Once I had 400+ notes, I needed to have a better way to find out what I had written. I have notes from 2013 that I found by mistake. I wrote them but never take a look back. And they are not linked to another note. That’s the problem. I tried many tools such as Dropbox Paper, Evernote, Bear, Ulysses, etc. Now, I'm using Notion and love it! With Notion, I started using Slip-Box and the method Sönke Ahrens explains in the book to solve problem with notes. The book explains the method and it's advantages in detail. It is written mostly for academics but I recommend it if you are looking for a better note-taking strategy.
This is a fascinating book. We need break from all the things that we have to learn and enjoy a good story. I'm almost finishing this book and it's well-written, addictive and amazing story. I'm perusing this book. Because I don't want to finish it. I take my time and pause reading once in a while. I also can't wait to read the rest of the series. I don't want spoil anything from the book, just go and read. That's all I can say.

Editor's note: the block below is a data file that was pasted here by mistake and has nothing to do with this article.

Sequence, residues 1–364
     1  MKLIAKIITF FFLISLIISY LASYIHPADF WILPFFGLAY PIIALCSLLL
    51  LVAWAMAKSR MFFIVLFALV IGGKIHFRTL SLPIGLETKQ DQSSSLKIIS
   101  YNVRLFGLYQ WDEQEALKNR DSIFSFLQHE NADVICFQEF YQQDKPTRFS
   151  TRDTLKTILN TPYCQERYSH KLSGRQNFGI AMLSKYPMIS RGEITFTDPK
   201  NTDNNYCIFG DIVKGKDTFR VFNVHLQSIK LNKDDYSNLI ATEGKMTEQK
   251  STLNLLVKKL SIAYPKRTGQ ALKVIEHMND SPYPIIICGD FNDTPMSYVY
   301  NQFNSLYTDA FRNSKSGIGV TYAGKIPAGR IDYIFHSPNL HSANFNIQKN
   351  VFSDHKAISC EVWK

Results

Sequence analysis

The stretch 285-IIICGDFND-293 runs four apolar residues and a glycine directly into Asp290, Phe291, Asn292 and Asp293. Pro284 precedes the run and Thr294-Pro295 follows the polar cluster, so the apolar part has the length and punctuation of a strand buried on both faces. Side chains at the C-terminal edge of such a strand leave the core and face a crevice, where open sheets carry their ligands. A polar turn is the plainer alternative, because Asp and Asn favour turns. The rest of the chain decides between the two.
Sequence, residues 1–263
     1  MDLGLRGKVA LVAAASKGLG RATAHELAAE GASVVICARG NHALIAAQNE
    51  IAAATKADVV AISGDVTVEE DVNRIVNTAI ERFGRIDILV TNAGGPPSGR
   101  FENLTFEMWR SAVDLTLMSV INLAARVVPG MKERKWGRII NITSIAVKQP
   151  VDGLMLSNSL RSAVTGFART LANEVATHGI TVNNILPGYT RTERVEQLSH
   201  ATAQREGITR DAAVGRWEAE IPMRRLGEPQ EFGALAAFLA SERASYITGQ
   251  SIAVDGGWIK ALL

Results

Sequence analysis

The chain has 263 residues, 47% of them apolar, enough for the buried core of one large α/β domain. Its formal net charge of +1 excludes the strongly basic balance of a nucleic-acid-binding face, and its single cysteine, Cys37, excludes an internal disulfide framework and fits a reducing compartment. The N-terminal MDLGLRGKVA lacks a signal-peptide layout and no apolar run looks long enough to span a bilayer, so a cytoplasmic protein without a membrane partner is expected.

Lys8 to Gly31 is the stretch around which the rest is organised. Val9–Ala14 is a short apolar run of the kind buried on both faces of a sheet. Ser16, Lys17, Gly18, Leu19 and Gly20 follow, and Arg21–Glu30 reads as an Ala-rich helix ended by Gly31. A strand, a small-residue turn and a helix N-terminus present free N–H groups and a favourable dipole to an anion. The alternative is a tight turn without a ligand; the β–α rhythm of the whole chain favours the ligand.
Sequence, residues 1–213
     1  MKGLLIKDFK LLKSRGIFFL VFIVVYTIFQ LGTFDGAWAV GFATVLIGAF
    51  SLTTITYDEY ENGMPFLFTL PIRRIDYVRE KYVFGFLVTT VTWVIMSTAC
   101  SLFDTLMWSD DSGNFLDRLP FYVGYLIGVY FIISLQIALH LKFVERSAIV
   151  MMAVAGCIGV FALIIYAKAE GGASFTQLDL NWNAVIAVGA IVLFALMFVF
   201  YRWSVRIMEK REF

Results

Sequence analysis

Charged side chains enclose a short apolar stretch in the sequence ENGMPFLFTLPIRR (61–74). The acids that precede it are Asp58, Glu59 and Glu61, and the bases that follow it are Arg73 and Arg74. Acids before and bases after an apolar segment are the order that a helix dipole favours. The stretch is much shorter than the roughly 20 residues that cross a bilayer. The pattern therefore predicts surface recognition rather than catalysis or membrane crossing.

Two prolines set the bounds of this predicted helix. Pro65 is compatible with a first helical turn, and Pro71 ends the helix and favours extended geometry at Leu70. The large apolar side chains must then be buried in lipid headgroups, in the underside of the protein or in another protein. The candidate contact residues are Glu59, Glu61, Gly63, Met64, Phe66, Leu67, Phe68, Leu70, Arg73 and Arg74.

At the end of 2020, we have lost a colleague at work because of cancer. Reading Charlie's journey brought back the grief. It helped me better understand how hard it is and it can happen to everyone. We might think that the life in pandemic is hard. But, people with cancer doesn't only deal with the weaker immune system, but also deal with the negativity around. Keeping the positivity is extremely difficult. We need to support each other to create more positive vibes around us. And the last thing, whenever possible, we should get the vaccination. Some people like Charlie cannot get vaccinated for Covid-19 because of the weak immune system. If you are healthy, you can do it. Not only for you, but for everyone.
What have you been reading the last month? Hit the reply button and send them to me. I'm curious about what passes from your screen or which book you are reading. I read and answer all my emails.
Until receiving your email, see you around, my friend!